Grieving is a normal process that occurs when experiencing the death of a loved one, or even just a person you knew. When experiencing & talking about grief, it’s important to note that it is different from chronic depression. Grieving in general can be difficult, and especially difficult when trying to maintain recovery from addiction. We understand that grief can cause issues in maintaining sobriety and we want to help provide our clients with different resources that can help them overcome those temptations and obstacles. When life gets tough, it’s imperative to know that sobriety is still maintainable.
What Is Grief?
Grief is the description of the cognitive, emotional, functional, and behavioral responses to death. It can also be used to describe different types of losses such as the loss of opportunities, the loss of someone’s youth, and the loss of functional abilities. There is not a simple answer to describe what constitutes ‘normal grief’. There are different forms of grief: uncomplicated grief and complicated grief/ bereavement-related depression.
Grief varies in duration and intensity. The intensity and duration of someone’s grief is determined by many different variables, including things such as an individual’s personality, their attachment style, their genetic makeup, their unique vulnerabilities, etc.
It is important to realize that:
- Grief is not a state, but it is a process
- The grief process typically starts with the attention to the loss, and then precedes with the painful reality of death (this can come in fits)
- There is a broad spectrum of emotional, cognitive, social, and behavioral disruptions of grief
Sometimes professionals will label grief as a pathological disorder instead of understanding that grief can be a period of time and not actually depression. Grief exists on a spectrum. On one side, there is bereavement. Bereavement can be one of the most painful experiences that an individual will ever face. It comes with things such as shock, guilt, regret, anxiety, anguish, anger, etc.
On another side of the spectrum grief is not always about pain, as you may experience some positive feelings such as relief, joy, and happiness (please note that it is not bad to feel these things but it’s just another form of grieving.
Tips for Managing Grief in Addiction Recovery
Like stated previously, we should understand that grief is a process and there are many different stages that a person goes through to help them accept the loss and significantly reduce the risk of relapse. These different stages of grieving include:
- Denial: Sometimes we may just try and dismiss the reality of our loss. It can be painful and can be accompanied by feelings of shock, numbness, and disbelief.
- Anger: We may try to blame ourselves, something, or others for this loss or the situation that we are in. We may even feel guilty because of this. It is important to understand that we are not the reason for this loss or situation. Guilt is a powerful feeling that can lead to relapse within our sobriety.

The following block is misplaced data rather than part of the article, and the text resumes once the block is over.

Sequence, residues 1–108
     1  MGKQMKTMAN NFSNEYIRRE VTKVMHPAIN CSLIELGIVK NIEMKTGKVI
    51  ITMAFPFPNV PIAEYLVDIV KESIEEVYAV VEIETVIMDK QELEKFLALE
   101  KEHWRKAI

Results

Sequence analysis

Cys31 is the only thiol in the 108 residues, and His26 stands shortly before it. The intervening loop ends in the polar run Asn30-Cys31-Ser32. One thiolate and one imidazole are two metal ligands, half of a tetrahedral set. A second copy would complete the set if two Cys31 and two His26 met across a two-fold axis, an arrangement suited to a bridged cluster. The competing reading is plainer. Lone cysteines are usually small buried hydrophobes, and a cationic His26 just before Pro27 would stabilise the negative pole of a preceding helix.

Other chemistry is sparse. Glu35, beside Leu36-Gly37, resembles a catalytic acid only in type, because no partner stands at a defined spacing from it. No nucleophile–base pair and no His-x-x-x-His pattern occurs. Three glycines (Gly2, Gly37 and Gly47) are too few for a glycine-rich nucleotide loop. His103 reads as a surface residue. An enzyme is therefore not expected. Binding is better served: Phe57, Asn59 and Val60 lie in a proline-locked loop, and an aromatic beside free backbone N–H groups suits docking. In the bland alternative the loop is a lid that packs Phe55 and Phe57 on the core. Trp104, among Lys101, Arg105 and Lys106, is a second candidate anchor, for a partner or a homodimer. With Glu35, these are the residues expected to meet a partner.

- Bargaining: We may start to use statements such as “What If….?” or “If only I had….,” this can lead us to once again feel guilty. It can also make us relive the past instead of being within the present.
- Depression: Feeling worrisome about reality, work, family, friends, Etc. We start to fill out heartbreak and sadness for the loss that we have encountered. We may even start to feel empty, physical and emotional pain, etc.
- Acceptance – This does not mean that you agree with the death, and this may not even be a sign of happiness, but a time where we can start to accept reality and develop new adaptations to our life. This is when we start to move on. This doesn’t mean you forget your loved one, but it means that you start to accept the loss that you have experienced.
Grief can be a major trigger of a relapse. It is important to try to reduce as much guilt as possible. Going through these different stages within the grieving process may be difficult, but it’s important to realize that this situation is not your fault. Instead of blaming others for the situation, it is important to lean on them and to support one another throughout this grieving process.
We understand that this feeling of loss can be completely overwhelming, so it is important to seek medical help or a counselor when feeling like you may relapse or that life is getting too hard. Finding how your heart can heal is so important and it looks different for everyone (such as crying it out, praying, seeking out support, etc). Relapsing is not a way for your heart to heal, the only thing that relapsing will do is take you back a few steps on your recovery process and it’s not worth it. Seek out a loved one or a professional if you are feeling like you may relapse again to get the help you need.
Let Atlanta Recovery Place Can Help You
Here at Atlanta Recovery Place, we want to help walk our clients through the grieving stages while helping them through the addiction recovery process. We pride ourselves on being able to best support anyone seeking treatment for addiction. Please give us a call today to learn more about our services and how we tackle substance abuse head on!